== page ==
At the Circus (1939)
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as Jeff Wilson
as Julie Randall
as Peerless Pauline
as Attorney Loophole
as Mrs. Dukesbury
as John Carter
as Little Professor Atom
Critic Reviews for At the Circus
The beginning of the Marx Brothers slide from their peak comedies.
Even lesser Marx Brothers is hilarious fun.
exhibits the sort of anarchy that the Marx Bros. once trafficked in with a willful, almost malevolent mayhem.
Second-rate Marx Bros, but with more than a few high spots
Classic Marx Brothers comedy.
Audience Reviews for At the Circus
This isn't one of my favourite Marx Brothers movies. First of all, I didn't like that really long song with Harpo and the Black kids. Second, the circus seems like the natural habitat for the Marx Brothers, so they don't stand out as much. It is funny most of the time, but I didn't like the story.
Not my favorite Marx Bros. film. It has some funny bits in it, but it's hampered by exposition...and the magic just doesn't seem to be there.
Back to MGM, but with Mervyn LeRoy producing. Kenny Baker, no not the Kenny Baker from Star Wars, another Kenny Baker who was in musicals in the 30's and 40's, is Jeff who wants to pay off Carter so he can have sole ownership of this circus. He has the money ready to pay. His romantic interest is Rice as Julie. They have what looks like a very old fashioned relationship with the man in his place and the woman in her place. The songs they share are hokey and not very engaging. Chico assists Jeff and Harpo is a clown in the strong man act. This is probably the source of some of the inspiration for La Strada. Carter for some unknown reason wants to ruin the circus, but somehow keep it for himself too. He has Arden as Peerless Pauline, Pendleton as Goliath, a midget, and a handful of other thugs do his dirty work. Jeff's money is stolen and Chico sends for Groucho as Attorney Loophole. The Marx Brothers play at detective work till finally Groucho goes to Dumont again to find another way to get the money to save the circus. This is one of the more disjointed plots. Chico plays another number on the piano. Groucho gets to sing a full song this time, the naughty and frolicking Lydia, The Tattoed Lady. I was not aware of this song, yet this whole fourth season of Heroes involving the carnival has made use of this character that Groucho describes. Harpo is putting lions to sleep when out of nowhere a huge crowd of African American children and adults show up to dance and sing a jazz/swing number with him like in A Day at the Races. The song is called Swingali by Harburg and Arlen who did the music for The Wizard of Oz the same year, but it sounds like a medley with a major piece of Blue Moon and other tunes. It is upbeat and adds some energy to the movie though it is badly synched. The only thing that saves the musical break is Harpo's consistently amazing strumming on the harp. There are still a few good one liners and physical gags, but they are not as well timed for the most part. When Groucho is snooping around Peerless Pauline's tent, she slips the stolen money down the front of her sequined leotard in her cleavage and he has one of the best lines about trying to get it without upsetting the Hays Office.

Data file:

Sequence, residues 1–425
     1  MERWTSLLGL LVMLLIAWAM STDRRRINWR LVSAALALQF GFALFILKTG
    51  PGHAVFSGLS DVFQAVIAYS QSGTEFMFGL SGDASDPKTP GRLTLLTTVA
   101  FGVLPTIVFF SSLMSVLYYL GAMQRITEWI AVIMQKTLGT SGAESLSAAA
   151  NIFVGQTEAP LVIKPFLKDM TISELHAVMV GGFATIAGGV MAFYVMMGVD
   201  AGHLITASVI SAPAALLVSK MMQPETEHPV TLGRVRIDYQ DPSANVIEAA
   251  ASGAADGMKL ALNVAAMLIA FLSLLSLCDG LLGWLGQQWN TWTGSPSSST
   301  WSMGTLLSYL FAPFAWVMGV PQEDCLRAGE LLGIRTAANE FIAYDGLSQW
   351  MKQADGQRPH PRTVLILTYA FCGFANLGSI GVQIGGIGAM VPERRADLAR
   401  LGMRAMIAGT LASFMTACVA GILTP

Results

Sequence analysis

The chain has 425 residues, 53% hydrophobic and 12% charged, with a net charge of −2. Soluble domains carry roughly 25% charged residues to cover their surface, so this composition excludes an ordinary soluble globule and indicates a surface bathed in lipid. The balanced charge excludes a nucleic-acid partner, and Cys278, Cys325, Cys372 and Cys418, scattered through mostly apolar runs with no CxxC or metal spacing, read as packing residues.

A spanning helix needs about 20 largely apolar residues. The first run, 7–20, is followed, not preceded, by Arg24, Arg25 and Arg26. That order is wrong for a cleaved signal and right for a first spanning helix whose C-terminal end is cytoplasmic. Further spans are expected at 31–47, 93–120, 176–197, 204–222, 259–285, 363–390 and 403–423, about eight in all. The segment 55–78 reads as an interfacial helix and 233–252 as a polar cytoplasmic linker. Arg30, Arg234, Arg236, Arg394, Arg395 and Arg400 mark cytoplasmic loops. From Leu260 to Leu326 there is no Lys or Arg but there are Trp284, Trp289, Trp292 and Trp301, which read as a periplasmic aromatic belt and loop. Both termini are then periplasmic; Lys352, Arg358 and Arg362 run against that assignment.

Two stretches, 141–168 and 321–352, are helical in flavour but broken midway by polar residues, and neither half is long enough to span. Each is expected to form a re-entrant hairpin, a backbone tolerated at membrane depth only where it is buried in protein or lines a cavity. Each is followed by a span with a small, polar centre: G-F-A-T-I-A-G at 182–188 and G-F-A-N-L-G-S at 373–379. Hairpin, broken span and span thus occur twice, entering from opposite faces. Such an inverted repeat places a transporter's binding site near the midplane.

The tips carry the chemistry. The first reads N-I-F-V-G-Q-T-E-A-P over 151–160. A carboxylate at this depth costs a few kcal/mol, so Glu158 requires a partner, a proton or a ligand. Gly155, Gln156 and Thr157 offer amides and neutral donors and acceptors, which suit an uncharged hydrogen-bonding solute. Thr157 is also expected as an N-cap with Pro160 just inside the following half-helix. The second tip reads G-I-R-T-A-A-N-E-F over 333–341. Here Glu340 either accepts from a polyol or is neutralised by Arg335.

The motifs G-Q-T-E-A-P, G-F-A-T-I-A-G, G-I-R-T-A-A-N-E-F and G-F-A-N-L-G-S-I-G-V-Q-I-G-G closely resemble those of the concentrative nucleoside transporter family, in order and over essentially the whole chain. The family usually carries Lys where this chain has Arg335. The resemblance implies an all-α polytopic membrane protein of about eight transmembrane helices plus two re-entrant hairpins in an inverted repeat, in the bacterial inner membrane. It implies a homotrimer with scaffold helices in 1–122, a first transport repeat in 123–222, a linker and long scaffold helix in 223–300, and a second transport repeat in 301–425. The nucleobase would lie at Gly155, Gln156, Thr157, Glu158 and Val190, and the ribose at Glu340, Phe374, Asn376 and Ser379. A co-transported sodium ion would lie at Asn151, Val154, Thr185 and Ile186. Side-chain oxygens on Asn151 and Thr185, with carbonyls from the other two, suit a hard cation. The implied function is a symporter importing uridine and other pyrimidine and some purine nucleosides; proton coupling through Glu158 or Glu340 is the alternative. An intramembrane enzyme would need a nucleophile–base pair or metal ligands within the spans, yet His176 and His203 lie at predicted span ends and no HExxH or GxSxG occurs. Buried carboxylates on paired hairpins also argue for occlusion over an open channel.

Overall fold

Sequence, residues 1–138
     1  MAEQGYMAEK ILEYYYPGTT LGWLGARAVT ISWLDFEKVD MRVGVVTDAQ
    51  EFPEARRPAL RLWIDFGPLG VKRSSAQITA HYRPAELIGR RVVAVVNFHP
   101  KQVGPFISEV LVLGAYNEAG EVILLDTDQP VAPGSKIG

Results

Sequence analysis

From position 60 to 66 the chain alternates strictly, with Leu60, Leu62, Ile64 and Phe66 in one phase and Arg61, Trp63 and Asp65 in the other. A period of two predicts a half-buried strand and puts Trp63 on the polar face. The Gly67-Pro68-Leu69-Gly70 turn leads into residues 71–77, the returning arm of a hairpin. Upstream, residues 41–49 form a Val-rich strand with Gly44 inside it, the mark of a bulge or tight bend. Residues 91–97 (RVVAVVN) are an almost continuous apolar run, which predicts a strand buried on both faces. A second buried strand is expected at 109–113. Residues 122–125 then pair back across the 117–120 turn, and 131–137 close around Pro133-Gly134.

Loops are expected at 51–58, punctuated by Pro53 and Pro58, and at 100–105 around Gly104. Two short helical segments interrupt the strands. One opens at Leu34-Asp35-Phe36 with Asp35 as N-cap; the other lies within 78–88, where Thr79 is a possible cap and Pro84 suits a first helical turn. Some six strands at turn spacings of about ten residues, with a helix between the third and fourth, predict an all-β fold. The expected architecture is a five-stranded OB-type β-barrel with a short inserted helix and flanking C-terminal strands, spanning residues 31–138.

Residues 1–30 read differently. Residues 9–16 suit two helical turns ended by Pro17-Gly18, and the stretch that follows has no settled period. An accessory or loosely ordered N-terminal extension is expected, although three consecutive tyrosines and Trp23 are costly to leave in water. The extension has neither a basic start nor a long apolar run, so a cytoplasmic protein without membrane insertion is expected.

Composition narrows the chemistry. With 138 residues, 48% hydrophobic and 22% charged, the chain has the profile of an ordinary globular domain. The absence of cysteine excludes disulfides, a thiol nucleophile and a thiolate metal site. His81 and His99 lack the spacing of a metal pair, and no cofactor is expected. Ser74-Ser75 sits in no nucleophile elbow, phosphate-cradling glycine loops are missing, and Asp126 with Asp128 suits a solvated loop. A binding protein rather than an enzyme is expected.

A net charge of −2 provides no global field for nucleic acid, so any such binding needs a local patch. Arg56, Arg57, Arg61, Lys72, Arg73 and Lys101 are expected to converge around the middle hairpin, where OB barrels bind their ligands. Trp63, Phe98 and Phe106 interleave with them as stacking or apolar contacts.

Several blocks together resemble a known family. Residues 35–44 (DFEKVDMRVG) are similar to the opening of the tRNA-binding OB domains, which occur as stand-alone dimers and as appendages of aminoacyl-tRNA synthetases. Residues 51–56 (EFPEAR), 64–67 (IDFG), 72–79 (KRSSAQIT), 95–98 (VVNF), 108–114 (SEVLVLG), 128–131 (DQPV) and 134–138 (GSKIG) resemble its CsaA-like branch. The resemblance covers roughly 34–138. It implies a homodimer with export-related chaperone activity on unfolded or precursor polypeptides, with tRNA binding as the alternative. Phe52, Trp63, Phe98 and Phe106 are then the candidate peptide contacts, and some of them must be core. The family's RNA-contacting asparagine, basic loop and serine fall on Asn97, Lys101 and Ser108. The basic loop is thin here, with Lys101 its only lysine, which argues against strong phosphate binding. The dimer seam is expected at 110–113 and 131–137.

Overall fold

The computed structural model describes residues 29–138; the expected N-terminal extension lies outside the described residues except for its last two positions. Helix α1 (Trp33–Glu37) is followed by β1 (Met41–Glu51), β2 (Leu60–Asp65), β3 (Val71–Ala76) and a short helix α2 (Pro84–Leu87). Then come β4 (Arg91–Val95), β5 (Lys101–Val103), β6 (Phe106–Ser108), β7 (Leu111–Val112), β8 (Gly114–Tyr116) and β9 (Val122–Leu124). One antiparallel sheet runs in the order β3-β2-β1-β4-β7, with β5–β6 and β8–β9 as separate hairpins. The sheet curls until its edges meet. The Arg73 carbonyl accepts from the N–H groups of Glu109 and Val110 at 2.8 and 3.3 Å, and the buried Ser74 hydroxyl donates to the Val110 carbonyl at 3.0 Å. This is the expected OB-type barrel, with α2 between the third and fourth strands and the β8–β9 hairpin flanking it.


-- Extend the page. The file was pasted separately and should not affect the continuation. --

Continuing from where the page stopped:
At the Circus Quotes
|J. Cheever Loophole:||That night I drank champagne from your slipper. Two quarts. It would have held more but you were wearing inner soles.|
|J. Cheever Loophole:||I don't know what I'm doing here wehn I could be at home in bed with a hot toddy. That's a drink. (not wanting toddy to be confused with actress Thelma Todd)|
|J. Cheever Loophole:||I don't know what I'm doing here wehn I could be at home in bed with a hot toddy. That's a drink. [not wanting toddy to be confused with actress Thelma Todd]|
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